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March 29, 1978 - Image 4

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Michigan Daily, 1978-03-29

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Page 4-Wednesday, March 29, 1978-The Michigan Daily
~br Mttga BanI
Eighty-Eight Years of Editorial Freedom
420 Maynard St., Ann Arbor, MI 48109
Vol. LXXXVIII, No. 141 News Phone: 764-0552
Edited and managed by students at the University of Michigan

The Social Security dilemma

A promising urban policy

A MERICA'S cities are in danger.
Decay has edged its way into ur-
ban neighborhoods, creating slums
and chasing business and tax dollars to
the suburbs along with the middle
class. Urban leaders have anxiously
awaited President Carter's
recognition, hoping that he might pour
federal money into their cities like
water into a glass.
The new urban policy announced
Monday by the Administration con-
tains, undeniably, more ideas than it
does money. The package is an exam-
ple of clear-headed proposals tem-
pered by a concern for restraint in
federal spending.
The plan is in many ways, as Carter
promised, a new way to treat the
nation's urban crisis. Inherent in the
policy is a breath of the reforms which
candidate Carter talked about before
assuming office. The proposals inten-
tionally avoid, simply pumping new
federal dollars into ailing urban areas;
they instead concentrate on opening
new, more- direct channels into cities,
improving communication between
federal, state and local government
agencies, and finding better ways to
utilize existing aid.
Carter has slated improvements for
many existing federal programs,
refocusing some and supplementing
others. Most outstanding of these are:
" small-scale public works programs
to maintain and improve urban cen-
ters, initially creating some 60,000 jobs
for those employed under the Com-
prehensive Employment and Training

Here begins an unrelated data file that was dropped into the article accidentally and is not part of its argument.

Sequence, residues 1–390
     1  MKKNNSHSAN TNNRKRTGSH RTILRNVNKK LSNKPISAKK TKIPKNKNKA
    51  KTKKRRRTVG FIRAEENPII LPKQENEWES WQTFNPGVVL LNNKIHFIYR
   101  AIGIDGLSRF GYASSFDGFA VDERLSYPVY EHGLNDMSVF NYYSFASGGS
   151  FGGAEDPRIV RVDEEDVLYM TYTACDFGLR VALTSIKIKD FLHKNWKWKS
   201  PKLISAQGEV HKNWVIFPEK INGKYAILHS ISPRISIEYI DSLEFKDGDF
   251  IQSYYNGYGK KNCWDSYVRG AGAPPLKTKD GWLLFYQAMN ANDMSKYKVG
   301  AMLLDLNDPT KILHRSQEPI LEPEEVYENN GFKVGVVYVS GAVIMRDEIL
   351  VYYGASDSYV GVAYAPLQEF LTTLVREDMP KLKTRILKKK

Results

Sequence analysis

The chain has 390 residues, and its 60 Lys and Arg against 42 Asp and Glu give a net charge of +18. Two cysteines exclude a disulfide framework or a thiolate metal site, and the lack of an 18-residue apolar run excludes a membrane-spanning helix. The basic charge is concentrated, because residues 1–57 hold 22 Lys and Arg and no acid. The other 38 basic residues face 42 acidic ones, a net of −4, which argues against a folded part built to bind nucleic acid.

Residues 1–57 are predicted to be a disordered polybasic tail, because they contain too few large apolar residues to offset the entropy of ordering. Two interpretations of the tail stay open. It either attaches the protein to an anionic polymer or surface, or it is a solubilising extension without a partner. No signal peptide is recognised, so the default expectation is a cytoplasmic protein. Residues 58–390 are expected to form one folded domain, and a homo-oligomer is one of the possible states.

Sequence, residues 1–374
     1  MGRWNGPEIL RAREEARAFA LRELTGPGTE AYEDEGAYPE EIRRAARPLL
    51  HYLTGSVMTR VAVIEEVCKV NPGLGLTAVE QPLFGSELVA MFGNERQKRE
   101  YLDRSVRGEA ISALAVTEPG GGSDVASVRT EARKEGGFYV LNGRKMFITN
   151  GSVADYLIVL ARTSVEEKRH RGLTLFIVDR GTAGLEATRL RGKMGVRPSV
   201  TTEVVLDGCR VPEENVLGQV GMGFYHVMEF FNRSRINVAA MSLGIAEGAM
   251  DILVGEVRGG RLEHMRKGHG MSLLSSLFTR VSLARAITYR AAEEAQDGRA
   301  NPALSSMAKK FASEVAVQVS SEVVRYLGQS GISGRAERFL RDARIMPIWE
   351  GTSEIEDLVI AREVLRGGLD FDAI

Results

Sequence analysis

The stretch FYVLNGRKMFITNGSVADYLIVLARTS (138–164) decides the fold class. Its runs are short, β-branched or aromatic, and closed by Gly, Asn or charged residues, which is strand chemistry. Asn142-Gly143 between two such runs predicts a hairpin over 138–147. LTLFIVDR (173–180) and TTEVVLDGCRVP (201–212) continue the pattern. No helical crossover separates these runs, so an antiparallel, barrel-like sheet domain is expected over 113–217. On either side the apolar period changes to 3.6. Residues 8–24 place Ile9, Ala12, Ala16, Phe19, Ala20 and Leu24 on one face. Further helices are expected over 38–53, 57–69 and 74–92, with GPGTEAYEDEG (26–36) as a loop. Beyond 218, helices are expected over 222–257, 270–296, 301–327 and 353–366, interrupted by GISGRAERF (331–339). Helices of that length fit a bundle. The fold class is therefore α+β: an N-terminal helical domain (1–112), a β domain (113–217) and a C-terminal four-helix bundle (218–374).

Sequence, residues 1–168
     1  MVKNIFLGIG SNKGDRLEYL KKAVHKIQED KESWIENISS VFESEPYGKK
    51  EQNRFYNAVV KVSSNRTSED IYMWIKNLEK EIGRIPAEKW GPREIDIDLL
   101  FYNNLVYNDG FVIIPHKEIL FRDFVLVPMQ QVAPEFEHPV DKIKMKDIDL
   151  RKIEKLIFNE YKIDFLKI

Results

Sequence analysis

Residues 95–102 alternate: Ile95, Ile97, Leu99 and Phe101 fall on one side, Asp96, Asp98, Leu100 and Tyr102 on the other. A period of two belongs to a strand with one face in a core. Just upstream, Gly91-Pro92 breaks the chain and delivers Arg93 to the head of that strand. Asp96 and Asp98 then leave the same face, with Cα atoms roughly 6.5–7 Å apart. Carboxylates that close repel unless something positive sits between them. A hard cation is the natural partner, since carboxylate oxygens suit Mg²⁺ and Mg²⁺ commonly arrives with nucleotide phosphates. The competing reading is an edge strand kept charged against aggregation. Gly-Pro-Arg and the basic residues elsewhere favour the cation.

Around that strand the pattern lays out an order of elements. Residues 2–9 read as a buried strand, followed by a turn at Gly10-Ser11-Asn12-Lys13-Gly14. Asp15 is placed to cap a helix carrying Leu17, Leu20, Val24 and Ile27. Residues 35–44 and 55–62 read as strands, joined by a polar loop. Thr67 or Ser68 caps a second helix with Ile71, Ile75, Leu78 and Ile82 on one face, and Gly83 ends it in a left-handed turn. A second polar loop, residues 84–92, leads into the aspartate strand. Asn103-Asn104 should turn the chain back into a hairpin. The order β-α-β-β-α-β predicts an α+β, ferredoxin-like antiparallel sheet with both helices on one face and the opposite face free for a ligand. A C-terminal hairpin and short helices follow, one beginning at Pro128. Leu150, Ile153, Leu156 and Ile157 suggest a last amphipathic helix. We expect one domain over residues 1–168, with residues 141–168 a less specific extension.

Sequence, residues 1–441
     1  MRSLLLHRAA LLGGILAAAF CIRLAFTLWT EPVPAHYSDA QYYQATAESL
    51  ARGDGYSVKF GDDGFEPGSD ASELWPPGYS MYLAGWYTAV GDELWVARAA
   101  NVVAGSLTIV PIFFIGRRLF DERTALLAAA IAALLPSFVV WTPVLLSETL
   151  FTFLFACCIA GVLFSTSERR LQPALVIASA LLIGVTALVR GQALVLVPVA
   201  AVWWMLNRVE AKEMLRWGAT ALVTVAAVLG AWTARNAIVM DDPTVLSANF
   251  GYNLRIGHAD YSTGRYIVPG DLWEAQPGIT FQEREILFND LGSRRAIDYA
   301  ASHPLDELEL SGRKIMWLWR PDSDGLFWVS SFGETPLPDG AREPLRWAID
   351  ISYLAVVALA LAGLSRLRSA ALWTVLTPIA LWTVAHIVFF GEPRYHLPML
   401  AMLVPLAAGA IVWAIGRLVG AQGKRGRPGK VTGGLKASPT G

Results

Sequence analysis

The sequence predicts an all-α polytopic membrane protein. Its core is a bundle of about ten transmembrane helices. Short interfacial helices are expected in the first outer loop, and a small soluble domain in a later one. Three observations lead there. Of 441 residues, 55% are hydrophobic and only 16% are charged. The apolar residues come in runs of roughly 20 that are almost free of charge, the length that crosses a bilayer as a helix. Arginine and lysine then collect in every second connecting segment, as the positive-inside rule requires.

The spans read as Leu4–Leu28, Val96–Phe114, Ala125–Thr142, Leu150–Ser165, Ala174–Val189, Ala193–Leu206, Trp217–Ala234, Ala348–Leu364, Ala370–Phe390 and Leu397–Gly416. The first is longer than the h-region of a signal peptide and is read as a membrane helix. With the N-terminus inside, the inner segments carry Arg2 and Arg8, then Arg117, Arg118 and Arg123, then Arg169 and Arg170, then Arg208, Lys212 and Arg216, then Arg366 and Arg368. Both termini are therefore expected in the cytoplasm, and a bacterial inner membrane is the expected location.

Act (CETA) ;
" various forms of tax credits for
a businesses that either expand or invest
into "depressed" areas or hire em-
ployees from the CETA program;
" rewards paid to states which aid
faltering communities inside their

" programs designed to directly aid
neighborhood-type organizations -
meal and day care services, self-help
groups, and revitalization projects;
gra shiftof 'revenue-sharing programs
away from current state-by-state
allocations and toward direct infusion
.into cities with unemployment rates
above the national average.
Since the announcement, some
groups, like the U.S. Conference of
Mayors and the National Urban
Coalition, have expressed pleasure
with most of the urban policy, but said
they were disappointed in the amount
of new money being funneled into cities
- only $742 million.
Administration officials argue that
the program concentrates more on
making the billions already spent on
urban areas count for more. The
nature of the proposed package sup-
ports this notion. At the same time, the
restraint on federal spending will hold
down the national deficit and inflation
as well.
While pumping billions of dollars in-
to cities today would certainly placate
urban leaders, it would not have one-
half the future impact that orderly, ef-